Steve A. Wiggins, Weathering the Psalms: Meteorotheological Survey (Eugene, OR: Cascade, 2014)
The weather is all around us all the time. From ancient times people have attributed the weather to the work of the gods. Ancient Israel shared this perception. The book of Psalms reflects theologically significant views on the weather that have not, until now, been fully explored. In this meteorological survey of the Psalms, whimsically called “meteorotheology,” every reference to the weather is translated in accordance with the known climate and weather of ancient Israel. Each verse is discussed with particular attention to the function of the weather in the hymnal of ancient Israel. This book will be a resource for translators, clergy, and scholars with an interest in how the weather impacted religious outlooks in ancient Israel. Readers will learn that some expected associations, such as thunder and lightning, did not influence Israelite views on the natural world in the same way that they do today. Yahweh was God of the weather, and the Psalms frequently use this paradigm as a reason for both praise and fear of the Lord.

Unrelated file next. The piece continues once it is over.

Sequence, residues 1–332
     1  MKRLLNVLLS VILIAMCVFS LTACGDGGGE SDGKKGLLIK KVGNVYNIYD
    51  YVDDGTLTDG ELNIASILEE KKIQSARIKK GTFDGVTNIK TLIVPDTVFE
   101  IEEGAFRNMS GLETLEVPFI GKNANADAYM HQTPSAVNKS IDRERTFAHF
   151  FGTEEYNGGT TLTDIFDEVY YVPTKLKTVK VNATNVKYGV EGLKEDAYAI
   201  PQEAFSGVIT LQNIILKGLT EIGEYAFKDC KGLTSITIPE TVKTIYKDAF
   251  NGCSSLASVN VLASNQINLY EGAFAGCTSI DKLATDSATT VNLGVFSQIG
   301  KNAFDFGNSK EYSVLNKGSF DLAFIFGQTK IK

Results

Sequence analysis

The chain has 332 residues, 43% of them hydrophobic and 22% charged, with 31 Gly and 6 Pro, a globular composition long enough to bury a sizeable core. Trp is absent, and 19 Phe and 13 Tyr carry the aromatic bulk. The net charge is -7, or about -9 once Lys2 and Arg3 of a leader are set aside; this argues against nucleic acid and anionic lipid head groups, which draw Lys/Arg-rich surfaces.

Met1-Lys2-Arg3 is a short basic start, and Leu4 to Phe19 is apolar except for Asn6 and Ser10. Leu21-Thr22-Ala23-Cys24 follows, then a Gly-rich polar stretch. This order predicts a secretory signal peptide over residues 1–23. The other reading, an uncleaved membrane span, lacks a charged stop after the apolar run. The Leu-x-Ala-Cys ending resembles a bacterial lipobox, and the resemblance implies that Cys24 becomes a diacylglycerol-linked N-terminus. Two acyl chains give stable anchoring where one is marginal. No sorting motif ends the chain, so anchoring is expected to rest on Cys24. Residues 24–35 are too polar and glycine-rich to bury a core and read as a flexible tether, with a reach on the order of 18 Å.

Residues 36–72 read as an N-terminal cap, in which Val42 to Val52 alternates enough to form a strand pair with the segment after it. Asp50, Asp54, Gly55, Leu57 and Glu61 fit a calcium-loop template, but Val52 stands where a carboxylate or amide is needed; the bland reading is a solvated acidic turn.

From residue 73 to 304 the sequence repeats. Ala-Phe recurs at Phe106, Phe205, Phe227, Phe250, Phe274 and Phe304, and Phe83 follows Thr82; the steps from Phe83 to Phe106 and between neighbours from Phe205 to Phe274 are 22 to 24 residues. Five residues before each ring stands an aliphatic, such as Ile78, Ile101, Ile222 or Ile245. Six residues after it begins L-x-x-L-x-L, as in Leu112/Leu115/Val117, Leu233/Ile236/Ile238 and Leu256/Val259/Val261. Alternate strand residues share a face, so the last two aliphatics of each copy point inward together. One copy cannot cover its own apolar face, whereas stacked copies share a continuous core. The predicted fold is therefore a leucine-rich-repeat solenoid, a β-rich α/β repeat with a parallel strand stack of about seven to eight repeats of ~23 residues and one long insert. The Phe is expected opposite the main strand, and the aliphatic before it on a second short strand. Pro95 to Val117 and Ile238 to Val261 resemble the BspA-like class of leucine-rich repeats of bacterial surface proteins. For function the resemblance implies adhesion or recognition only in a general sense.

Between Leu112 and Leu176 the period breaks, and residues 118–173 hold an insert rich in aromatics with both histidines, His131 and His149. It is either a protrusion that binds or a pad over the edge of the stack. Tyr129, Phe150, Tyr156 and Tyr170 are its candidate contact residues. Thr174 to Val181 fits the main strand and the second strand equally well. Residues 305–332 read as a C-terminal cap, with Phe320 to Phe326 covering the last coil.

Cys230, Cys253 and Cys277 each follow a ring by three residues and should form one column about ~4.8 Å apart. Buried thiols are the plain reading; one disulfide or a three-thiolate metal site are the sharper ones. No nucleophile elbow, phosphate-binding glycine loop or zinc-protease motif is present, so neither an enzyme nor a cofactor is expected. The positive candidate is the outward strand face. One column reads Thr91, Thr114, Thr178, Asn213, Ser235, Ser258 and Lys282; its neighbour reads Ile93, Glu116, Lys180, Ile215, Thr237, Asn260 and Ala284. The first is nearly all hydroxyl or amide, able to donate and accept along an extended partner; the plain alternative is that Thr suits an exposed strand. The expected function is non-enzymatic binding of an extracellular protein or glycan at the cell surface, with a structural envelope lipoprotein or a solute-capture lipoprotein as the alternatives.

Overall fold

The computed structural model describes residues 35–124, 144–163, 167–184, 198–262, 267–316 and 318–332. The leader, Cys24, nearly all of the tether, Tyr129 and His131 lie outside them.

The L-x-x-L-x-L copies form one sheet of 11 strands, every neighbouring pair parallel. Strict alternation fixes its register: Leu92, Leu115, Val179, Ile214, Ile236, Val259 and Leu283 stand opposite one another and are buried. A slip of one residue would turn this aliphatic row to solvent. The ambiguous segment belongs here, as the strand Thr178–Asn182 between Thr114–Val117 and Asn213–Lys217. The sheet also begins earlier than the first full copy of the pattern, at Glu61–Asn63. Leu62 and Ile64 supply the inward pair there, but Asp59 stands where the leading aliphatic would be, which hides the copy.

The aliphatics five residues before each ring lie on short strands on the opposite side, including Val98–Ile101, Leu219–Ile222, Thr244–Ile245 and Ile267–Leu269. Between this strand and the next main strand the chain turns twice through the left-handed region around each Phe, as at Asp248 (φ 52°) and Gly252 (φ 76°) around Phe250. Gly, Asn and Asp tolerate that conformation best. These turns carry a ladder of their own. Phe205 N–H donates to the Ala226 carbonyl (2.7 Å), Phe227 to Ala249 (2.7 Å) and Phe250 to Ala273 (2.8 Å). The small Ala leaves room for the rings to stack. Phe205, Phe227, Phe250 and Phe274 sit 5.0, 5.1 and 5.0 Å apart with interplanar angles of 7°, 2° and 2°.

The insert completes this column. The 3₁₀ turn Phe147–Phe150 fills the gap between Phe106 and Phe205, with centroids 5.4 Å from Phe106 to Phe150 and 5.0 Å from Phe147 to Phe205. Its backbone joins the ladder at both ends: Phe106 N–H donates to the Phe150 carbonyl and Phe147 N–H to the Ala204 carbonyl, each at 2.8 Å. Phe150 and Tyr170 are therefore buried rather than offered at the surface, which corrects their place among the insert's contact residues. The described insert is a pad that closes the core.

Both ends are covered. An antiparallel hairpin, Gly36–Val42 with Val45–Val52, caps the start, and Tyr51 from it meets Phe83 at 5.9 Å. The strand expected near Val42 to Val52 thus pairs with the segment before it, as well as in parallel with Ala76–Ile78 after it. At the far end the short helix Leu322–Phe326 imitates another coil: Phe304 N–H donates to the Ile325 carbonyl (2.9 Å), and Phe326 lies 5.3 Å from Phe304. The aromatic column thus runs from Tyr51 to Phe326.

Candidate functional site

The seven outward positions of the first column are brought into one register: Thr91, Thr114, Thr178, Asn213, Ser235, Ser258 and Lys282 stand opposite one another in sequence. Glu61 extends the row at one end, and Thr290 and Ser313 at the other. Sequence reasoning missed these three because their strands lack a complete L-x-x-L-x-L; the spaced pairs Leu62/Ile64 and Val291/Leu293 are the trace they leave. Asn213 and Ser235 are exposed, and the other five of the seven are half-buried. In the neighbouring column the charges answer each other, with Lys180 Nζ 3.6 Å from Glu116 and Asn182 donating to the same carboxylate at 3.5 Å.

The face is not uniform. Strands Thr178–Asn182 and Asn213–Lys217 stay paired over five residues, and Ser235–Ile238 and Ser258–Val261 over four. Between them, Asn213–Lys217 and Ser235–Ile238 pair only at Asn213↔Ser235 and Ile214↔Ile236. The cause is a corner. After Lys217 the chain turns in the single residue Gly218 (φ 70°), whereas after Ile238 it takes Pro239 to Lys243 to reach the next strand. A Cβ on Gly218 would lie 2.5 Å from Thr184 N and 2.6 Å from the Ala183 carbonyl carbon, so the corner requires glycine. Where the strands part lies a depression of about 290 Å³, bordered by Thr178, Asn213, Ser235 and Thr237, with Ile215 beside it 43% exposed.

I dare say that Wiggins’s book will naturally complement Robin Parry’s recently published The Biblical Cosmos, and be useful reading to those studying the doctrine of providence or environmental ethics.
The second book is likely to prove useful for many:
Peter S. Perry, Brushing Up English to Learn Greek (Eugene, OR: Resource Publications, 2014)
English may be the biggest obstacle to learning Greek! Greek textbooks use jargon such as “noun,” “verb,” “morphology,” and “syntax,” which sometimes sounds foreign. Many of us may remember them from grade school, but the memories may now be foggy from time and disuse. This book is written for hazy memories of English that need a brush up before learning Greek.Different than other aids to learning Greek, Brushing Up English to Learn Greek introduces verbal aspect to beginning students. English emphasizes the time of an action but Greek emphasizes the point of view—or aspect—of an action. This book helps students build a bridge of understanding between the different thought worlds of English and Greek.